Response assessment

Clinical response was assessed as complete, partial and no response based on the complete resolution of symptoms, persistence of one or more symptoms and clinical worsening, respectively. Radiological response was assessed based on the degree of resolution of lymphadenopathy and parenchymal changes.

Complete radiological response

Total resolution of mediastinal and peripheral lymphadenopathy to less than 1 cm and >90% resolution of parenchymal changes excluding chronic changes such as bullae, emphysema, traction bronchiectasis, bronchial distortion, parenchymal bands and fibrosis.

Incomplete radiological response

Decrease in the size of lymph nodes but the residual nodes were still significant, i.e. more than 1 cm in size, as well as a 10-90% decrease in lung parenchymal abnormalities.

No response or worsening radiologically

Increase in the size of existing lymph nodes and/or presence of new groups of lymph nodes or worsening of parenchymal lesions with or without the appearance of new lesions.

Metabolically active disease was said to be present on the basis of abnormal tracer uptake in the involved tissue on FDG-PET-CT. Metabolic response was assessed by the change in the uptake quantified in terms of SUV. Non-physiological tracer uptake in the various organs was documented.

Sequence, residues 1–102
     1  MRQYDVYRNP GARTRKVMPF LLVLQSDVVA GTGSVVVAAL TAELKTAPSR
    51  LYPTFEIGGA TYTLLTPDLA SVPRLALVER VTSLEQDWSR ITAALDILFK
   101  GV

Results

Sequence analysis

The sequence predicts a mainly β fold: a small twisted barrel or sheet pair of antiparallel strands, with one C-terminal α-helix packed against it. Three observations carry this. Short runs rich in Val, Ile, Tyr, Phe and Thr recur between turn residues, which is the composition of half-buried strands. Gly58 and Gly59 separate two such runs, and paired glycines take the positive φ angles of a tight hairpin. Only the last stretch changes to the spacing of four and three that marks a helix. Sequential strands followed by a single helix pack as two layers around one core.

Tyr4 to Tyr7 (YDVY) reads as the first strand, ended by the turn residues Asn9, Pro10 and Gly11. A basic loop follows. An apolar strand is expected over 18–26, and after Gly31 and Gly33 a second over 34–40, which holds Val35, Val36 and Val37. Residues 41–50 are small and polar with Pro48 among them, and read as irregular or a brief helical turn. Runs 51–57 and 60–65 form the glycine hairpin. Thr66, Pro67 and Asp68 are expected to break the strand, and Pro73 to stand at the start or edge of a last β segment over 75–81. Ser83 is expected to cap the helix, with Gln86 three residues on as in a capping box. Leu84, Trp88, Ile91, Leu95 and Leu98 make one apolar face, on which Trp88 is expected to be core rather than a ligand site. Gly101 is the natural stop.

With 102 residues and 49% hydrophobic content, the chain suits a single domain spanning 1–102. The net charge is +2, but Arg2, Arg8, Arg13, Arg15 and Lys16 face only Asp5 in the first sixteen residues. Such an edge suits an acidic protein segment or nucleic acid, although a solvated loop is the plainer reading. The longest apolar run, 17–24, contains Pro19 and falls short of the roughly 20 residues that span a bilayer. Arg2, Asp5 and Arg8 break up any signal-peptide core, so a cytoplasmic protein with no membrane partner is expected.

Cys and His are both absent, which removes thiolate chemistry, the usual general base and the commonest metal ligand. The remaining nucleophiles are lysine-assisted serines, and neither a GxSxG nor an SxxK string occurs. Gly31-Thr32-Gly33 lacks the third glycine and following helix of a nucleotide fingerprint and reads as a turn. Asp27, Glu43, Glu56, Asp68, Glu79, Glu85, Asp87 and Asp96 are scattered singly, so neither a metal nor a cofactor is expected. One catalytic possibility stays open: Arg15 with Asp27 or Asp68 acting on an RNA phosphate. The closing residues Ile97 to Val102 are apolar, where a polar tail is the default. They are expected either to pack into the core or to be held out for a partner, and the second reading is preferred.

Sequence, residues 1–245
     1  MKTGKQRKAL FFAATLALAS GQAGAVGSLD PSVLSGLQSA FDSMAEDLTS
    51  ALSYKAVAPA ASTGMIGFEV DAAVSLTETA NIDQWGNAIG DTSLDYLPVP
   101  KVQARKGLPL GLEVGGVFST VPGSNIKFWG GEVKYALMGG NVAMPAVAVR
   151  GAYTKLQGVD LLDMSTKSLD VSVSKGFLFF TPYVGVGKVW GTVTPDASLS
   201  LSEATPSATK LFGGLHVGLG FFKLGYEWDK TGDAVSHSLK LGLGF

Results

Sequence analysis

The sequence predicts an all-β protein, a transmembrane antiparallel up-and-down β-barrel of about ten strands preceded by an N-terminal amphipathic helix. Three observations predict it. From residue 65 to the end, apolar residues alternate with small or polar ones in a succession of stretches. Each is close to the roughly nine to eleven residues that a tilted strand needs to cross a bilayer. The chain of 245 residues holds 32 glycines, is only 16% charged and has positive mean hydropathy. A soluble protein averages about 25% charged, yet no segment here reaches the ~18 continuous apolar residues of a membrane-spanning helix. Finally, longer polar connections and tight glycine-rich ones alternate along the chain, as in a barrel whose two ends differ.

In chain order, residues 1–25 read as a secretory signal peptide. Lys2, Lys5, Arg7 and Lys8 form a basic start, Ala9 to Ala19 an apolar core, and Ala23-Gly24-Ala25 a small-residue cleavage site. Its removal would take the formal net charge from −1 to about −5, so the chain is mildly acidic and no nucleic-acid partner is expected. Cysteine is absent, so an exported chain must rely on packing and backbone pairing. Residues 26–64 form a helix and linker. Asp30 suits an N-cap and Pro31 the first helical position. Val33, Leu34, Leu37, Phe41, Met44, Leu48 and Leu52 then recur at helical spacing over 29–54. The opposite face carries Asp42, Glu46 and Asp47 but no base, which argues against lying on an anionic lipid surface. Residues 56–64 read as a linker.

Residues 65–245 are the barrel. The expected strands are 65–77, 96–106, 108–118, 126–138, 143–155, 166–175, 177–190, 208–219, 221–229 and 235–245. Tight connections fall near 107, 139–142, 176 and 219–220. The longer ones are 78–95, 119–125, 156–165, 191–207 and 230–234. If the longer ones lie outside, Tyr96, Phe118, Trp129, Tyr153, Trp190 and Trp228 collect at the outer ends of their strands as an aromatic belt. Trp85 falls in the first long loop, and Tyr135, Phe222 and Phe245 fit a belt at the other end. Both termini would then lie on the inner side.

Complete metabolic response

If there was more than 70% fall in post-treatment SUV over pre-treatment SUV.

Partial metabolic response

Twenty percent to 70% fall in post-treatment SUV over pre-treatment SUV.

No response or disease progression

If there was less than 20% fall or an increase in post-treatment SUV over pre-treatment SUV.

Statistical analysis

Results of the FDG-PET-CT scan were compared with the clinical, biochemical and radiological response. Non-parametric tests were used in most comparisons in view of the small sample size. The Wilcoxon signed rank test was used for comparison of continuous variables before and after treatment. The Kappa test was used as a measure of agreement among clinical, radiological, metabolic and biochemical responses. The Chi-square test was used to determine the association between various CT findings and metabolic activity in PET scan. Correlation between the initial SUVmax and clinical response to therapy was performed using the Spearman correlation.